Speakers Include Jared Bernstein, Center on Budget and Policy Priorities; Casey Mulligan, University of Chicago; Shannon Mok, Congressional Budget Office

WASHINGTON - The American Action Forum (@AAF) will host an event tomorrow, Wednesday, January 23 examining the link between stimulus spending and welfare efficacy. University of Chicago Professor Casey Mulligan will first present findings from his recent paper, “The ARRA: Some Unpleasant Welfare Arithmetic.”  Following the presentation, AAF’s Director of Fiscal Policy, Gordon Gray, will moderate a discussion on the paper’s implications between Jared Bernstein of the Center on Budget and Policy Priorities and key contributor to the design of The ARRA and Shannon Mok of the Congressional Budget Office and lead author of a recent CBO report on effective marginal tax rates on low and middle income workers. RSVP here. Watch live online here.


WHEN: Wednesday, January 23th from 9:00AM – 10:30AM


WHAT: Getting Employment Incentives Right: ARRA and Marginal Effective Tax Rates




National Press Club, Holeman Lounge

529 14th Street Northwest

Washington, DC 20045






8:30 AM: Doors open, breakfast will be served


9:00 AM Presentation: “The ARRA: Some Unpleasant Welfare Arithmetic”


Casey Mulligan, University of Chicago




Jared Bernstein, Center on Budget and Policy Priorities

Shannon Mok, Congressional Budget Office


Panel discussion will include time for audience questions.




Gordon Gray, American Action Forum


10:30 AM Conclusion

For press inquiries, contact Noelle Clemente at or 240-888-7310.





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Saturday, January 19, 2013

The Redistribution Recession in Video Format

Watch the 28 minute video offering an overview of the main arguments and results from The Redistribution Recession.

hosted by youtube

(NOTE: Setting quality to 720 HD gives the best resolution)

Wednesday, January 16, 2013

Tax Exclusions for Health Insurance: Let Me Count the Ways

Copyright, The New York Times Company

The magnitude and distributional effects of the tax exclusion for health insurance look quite different when viewed from the perspective of the entire safety net.

Expenditures on health services, especially those made through employer-sponsored health-insurance plans, are largely excluded from a host of taxes. The tax exclusions affect both the size of the health-services sector and society’s distribution of disposable income.

By excluding health services from tax, governments in effect redirect money toward health care and away from other activities that might be subsidized or prevent government from reducing overall tax rates, or both. The tax exclusions therefore have a lot in common with direct government spending on health, and for this reason are often described as “tax expenditures.”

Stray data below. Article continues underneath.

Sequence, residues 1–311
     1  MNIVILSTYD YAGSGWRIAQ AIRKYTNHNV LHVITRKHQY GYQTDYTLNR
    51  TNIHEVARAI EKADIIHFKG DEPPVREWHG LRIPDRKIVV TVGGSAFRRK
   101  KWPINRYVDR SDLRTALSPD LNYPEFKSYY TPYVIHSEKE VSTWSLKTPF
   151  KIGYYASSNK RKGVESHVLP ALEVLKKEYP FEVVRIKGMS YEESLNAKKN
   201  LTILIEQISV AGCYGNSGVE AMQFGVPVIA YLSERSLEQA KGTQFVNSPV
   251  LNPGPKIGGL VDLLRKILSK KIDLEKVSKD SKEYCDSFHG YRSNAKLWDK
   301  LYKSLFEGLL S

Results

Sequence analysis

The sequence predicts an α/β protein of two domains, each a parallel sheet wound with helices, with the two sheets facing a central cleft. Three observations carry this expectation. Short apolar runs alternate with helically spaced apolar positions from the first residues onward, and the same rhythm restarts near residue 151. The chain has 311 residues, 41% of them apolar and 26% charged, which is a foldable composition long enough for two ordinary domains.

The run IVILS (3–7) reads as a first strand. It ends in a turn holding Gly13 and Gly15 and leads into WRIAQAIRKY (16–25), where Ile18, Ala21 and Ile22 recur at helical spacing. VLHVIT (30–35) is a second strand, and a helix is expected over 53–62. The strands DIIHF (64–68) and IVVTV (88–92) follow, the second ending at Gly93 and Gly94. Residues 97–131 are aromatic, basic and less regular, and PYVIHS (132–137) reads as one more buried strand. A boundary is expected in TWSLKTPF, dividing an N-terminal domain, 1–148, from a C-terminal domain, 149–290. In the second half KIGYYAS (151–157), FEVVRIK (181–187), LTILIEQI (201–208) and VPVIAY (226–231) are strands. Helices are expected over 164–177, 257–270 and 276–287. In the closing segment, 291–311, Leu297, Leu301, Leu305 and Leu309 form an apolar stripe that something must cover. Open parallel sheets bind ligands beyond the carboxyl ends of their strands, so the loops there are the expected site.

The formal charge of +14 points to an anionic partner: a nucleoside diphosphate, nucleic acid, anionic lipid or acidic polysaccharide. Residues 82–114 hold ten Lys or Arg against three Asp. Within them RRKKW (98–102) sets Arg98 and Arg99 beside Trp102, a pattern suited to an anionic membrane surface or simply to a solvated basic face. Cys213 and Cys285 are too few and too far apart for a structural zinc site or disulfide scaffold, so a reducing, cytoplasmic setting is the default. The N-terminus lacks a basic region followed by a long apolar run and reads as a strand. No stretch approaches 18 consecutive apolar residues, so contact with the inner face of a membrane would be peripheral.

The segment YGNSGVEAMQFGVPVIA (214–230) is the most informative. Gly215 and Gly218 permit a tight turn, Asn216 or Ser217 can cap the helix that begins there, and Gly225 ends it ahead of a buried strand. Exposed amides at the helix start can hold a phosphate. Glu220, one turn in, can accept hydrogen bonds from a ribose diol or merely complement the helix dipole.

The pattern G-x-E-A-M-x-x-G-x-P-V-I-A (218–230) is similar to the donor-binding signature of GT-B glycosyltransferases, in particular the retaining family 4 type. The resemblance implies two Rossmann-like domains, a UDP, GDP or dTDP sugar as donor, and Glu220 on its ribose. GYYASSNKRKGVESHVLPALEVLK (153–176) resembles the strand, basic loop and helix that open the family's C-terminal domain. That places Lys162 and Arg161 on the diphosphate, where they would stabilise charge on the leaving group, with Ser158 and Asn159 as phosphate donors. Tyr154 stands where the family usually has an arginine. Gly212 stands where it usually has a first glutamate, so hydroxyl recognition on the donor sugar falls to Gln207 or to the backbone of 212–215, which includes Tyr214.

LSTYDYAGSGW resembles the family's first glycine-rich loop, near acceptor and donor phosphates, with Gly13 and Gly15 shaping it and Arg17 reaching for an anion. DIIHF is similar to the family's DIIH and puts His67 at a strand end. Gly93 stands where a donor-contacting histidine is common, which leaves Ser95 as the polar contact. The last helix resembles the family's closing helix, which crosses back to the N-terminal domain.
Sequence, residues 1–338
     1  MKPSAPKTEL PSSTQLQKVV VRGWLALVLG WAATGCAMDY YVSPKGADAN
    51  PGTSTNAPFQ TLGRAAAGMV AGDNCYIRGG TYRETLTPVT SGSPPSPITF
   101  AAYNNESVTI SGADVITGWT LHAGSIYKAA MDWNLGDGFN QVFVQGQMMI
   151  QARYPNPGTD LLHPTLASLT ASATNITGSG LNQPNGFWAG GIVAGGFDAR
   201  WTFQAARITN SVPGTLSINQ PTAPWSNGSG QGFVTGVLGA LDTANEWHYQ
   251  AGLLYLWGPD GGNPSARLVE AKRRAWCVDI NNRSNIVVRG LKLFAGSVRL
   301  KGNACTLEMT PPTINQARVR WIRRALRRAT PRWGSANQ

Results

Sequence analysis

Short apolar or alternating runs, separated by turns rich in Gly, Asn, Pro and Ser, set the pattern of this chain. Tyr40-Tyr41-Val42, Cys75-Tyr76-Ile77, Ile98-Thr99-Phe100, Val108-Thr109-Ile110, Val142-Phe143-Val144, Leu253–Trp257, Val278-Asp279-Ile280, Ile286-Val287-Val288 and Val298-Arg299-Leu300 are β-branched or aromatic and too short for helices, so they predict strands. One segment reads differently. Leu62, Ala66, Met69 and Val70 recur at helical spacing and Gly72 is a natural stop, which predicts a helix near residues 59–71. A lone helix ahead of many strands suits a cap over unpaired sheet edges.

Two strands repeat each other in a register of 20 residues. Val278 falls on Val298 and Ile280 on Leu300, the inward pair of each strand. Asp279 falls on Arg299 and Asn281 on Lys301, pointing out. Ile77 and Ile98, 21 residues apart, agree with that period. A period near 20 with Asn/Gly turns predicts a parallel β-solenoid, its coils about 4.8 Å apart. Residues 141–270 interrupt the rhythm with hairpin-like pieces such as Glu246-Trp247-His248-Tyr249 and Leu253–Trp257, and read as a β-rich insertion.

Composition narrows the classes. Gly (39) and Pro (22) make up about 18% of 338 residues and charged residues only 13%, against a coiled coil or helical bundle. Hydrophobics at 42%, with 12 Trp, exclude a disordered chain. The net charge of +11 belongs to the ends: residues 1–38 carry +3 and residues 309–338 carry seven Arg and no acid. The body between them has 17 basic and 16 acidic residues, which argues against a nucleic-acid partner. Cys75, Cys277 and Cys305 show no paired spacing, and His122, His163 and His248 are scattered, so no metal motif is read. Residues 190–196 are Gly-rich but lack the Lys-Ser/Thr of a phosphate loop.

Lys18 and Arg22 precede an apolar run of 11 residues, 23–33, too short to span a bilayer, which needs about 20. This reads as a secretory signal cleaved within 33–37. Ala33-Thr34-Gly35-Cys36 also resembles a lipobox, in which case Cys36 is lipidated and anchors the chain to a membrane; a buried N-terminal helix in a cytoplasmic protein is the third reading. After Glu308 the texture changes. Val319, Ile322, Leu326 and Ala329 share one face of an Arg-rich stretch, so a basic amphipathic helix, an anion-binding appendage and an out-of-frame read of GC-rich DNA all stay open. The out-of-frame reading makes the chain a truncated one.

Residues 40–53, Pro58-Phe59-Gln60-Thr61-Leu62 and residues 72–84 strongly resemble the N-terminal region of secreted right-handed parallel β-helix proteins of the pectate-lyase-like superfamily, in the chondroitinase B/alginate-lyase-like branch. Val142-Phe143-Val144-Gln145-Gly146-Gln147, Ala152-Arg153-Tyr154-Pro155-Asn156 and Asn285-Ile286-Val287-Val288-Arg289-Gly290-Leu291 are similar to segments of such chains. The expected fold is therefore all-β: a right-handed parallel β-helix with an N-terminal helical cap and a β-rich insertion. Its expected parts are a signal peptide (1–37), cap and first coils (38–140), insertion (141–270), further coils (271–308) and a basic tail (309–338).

A typical approach to estimating the size of the health subsidy implicit in the tax exclusions is to estimate the amount of federal personal income tax revenue that is lost because of the income that escapes tax. It’s important to know the amount of the implicit subsidy, because it is directly related to the amount by which the health sector is enlarged by public policy.

However, the income-tax approach underestimates the amount of the exclusion, because health services are often excluded from many other taxes. The payroll tax is an important instance: employer-provided health-insurance premiums are exempt from payroll and state personal income taxes, too, regardless of whether the employer or employee pays them.

Health-insurance premiums paid by employers on behalf of their employees will escape pretty much anything that taxes an employee’s wages and salaries, because those premiums are not officially considered part of employee wages or salaries. For example, the food-stamp program and Section 8 housing subsidy programs implicitly tax wages and salaries by withholding benefits according to how much a person earns, but for that purpose they ignore employee fringe benefits like health insurance.

Health goods and services often escape state sales taxes, depending on the type of good or service delivered or the type of organization delivering it. Many health services are delivered by nonprofit institutions that escape corporate income and property taxes, too. Just as with the housing industry, we vastly underestimate the government’s effect on the health industry if we focus only on the income tax.

A good summary statistic for the overall effect of tax exclusions on the health industry would be a measure of the marginal tax rate on earned income that included all the relevant taxes. When an employee accepts a $1 pay cut so that his employer can add that dollar to his health insurance contribution, that overall marginal tax rate would tell us how much of that dollar comes back to the employee in the form of the various tax reductions.

I am not aware of a marginal tax-rate measure comprehensive enough for this purpose (it would also need to pay special attention to the Medicaid program and its different treatment of adults and children), but previous studies have taken some useful steps in this direction. The studies find marginal tax rates greater than 50 percent for families above but near the poverty line, which means most of the money they might devote to employer-provided health insurance would come back to them in terms of reduced taxes and enhanced benefits.